Moveable feasts

Unlike most historical commemorations republicans remember the 1916 Easter Rising not on the actual date it began, 24th April, but follow the moveable feast of a Christian Easter. I have never really understood why a decision of the First Council of Nicaea on the full moon after the spring equinox should dictate when republicans remember their dead.

I assume it may be the ease of an already observed holiday, some kind of undeclared Christian sensibility, an attempt to marry the death and rebirth elements of the Christian feast with similar republican hopes – maybe a mixture of them all and more.

It certainly doesn’t have any clear secular explanation.

Other elements of the moveable feast attitude of some republicans leapt out to me this year. As many remembered the sacrifice of others and some recognised those involved in/or imprisoned due to revolutionary struggle, republican prisoners in Magheraberry were engaged in a protest over their detention conditions.

Des Dalton of RSF said:

“This campaign to criminalise the Republican prisoners by the British State has even extended to the families of the prisoners. In recent weeks visitors have been forced to endure humiliating searches in order to visit relatives and friends while the drug dogs have been used as a pretext to stop visits – this despite the fact that no drugs have ever been found on either a Republican prisoner or their visitors.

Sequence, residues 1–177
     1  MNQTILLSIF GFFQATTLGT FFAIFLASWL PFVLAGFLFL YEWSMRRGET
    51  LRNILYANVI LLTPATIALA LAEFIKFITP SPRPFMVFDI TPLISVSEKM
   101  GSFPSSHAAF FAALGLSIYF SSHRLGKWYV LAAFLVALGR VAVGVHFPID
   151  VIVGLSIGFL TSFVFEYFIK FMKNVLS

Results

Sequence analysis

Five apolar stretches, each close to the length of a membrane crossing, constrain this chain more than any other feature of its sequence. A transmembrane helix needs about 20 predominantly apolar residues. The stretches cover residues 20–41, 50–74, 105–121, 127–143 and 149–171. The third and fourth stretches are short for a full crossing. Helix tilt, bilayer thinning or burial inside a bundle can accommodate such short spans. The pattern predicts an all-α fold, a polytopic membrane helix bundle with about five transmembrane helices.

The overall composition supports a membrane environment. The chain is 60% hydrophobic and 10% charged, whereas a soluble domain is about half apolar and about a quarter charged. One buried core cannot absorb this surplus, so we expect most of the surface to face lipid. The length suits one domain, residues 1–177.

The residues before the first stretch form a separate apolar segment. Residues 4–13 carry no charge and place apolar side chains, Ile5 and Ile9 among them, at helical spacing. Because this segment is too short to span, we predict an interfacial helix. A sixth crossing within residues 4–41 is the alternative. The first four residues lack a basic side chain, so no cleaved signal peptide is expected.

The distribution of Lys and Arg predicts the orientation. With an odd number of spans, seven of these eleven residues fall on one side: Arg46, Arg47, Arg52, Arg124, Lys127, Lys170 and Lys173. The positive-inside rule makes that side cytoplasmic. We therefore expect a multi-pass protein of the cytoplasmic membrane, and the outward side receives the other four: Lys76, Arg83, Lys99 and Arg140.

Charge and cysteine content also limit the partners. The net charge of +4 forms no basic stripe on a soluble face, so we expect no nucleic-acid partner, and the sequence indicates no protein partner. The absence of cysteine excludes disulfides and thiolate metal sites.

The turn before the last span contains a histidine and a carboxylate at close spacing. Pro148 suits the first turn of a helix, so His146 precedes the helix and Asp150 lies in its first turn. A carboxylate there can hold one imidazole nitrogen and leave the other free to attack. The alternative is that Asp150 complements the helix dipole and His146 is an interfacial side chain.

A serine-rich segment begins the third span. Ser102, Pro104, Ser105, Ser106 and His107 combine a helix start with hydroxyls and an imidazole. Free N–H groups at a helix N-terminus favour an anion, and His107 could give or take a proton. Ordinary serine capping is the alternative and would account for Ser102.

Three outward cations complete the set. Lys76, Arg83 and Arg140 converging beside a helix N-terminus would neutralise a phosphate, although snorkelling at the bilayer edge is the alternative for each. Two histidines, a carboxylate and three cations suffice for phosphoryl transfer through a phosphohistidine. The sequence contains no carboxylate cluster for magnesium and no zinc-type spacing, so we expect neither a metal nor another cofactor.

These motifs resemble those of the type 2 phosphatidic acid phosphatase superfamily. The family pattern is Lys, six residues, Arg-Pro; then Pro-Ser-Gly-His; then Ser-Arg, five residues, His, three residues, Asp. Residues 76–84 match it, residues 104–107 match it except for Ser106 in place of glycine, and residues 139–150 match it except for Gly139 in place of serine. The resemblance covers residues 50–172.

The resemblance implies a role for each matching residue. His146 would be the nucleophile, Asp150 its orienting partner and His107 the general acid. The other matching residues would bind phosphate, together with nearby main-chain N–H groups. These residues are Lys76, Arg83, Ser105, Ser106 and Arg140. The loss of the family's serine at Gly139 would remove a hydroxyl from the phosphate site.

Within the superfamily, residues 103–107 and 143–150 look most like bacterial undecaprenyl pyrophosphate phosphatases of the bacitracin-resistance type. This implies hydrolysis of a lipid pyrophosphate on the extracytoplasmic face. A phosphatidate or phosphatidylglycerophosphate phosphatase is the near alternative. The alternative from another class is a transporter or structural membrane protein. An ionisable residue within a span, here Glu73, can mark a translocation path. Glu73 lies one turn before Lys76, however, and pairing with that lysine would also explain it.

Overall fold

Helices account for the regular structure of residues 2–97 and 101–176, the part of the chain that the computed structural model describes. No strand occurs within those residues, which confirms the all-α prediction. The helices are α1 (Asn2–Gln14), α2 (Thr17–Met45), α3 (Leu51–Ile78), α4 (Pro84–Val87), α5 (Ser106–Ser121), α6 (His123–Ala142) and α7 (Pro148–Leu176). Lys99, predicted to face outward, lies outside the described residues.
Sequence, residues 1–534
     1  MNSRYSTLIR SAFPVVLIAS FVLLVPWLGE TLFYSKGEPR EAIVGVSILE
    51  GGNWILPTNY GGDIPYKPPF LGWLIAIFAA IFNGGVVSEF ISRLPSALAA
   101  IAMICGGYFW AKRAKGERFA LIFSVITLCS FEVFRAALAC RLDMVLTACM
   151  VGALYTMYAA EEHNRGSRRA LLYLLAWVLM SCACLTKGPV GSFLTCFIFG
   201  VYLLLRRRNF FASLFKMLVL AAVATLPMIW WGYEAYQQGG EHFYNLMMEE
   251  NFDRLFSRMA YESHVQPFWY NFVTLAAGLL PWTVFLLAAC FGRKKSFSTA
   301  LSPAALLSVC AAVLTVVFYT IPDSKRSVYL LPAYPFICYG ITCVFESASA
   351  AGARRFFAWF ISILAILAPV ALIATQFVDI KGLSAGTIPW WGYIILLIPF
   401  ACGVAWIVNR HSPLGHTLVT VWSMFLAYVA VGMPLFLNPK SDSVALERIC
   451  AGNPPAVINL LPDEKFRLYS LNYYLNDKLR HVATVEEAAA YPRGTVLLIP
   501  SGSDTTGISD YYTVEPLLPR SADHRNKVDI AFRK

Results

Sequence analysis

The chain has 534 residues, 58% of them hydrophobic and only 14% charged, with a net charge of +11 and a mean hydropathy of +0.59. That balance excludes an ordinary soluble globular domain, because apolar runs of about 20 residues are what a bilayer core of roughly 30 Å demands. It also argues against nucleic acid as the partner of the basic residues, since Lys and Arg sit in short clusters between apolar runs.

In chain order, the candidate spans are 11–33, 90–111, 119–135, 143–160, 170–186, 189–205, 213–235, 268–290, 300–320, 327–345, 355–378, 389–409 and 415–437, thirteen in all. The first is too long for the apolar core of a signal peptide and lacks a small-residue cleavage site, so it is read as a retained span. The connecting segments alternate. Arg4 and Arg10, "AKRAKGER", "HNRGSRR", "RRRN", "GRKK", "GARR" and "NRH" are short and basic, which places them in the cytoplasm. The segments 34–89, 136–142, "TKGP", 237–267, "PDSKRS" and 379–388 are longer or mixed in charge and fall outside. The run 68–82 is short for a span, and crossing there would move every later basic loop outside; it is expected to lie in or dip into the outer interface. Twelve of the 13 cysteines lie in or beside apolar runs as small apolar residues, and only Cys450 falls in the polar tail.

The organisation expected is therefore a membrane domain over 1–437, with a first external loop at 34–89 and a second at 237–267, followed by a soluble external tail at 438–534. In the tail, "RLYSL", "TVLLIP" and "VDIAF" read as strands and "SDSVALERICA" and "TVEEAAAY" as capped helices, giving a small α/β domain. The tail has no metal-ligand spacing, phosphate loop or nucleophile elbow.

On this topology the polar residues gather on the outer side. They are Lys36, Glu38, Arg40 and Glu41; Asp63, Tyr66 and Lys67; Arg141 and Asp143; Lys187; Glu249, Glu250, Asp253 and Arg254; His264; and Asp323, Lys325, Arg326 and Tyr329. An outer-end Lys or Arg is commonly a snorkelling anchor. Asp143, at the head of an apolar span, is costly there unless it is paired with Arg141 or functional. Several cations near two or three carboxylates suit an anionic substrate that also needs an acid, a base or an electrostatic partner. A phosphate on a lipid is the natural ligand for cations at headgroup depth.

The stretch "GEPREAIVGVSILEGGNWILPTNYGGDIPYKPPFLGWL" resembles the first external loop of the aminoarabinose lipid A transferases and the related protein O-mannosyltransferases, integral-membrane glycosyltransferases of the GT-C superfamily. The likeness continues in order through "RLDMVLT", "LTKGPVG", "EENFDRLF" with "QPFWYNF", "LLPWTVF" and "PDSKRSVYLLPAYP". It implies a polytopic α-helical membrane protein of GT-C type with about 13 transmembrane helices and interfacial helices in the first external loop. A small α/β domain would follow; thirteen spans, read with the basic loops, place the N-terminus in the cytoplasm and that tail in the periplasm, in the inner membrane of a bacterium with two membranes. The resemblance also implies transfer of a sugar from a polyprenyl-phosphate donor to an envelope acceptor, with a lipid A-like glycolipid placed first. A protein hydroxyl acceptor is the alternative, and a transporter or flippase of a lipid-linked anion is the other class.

“Since 1917 22 Irish Republican have died on hunger strike to uphold the right of Republican prisoners to political status. In 1998 this hard fought for right was signed away under the terms of the Stormont Agreement. However the present generation of Republican prisoners in Maghaberry by their resolute action have given a clear signal that ‘England will not brand Ireland’s fight 800 years of crime’.”

Breandán Mac Cionnaith of éirígí called for political status:

“This treatment has been centred on the denial of political status and the attempt to portray those who are detained as a result of the British occupation as common criminals.

“Regardless of one’s political opinions, the reality is that these prisoners would not be in jail were it not for the ongoing British presence in Ireland – they are clearly political prisoners and they should be treated as such.”

And in the tradition of Easter’s moveable feast Caral Ni Chuilin of SF, who label these prisoners ‘traitors’, has attempted support:

“Regardless of why anyone is in prison they are entitled to be treated with respect and dignity.”

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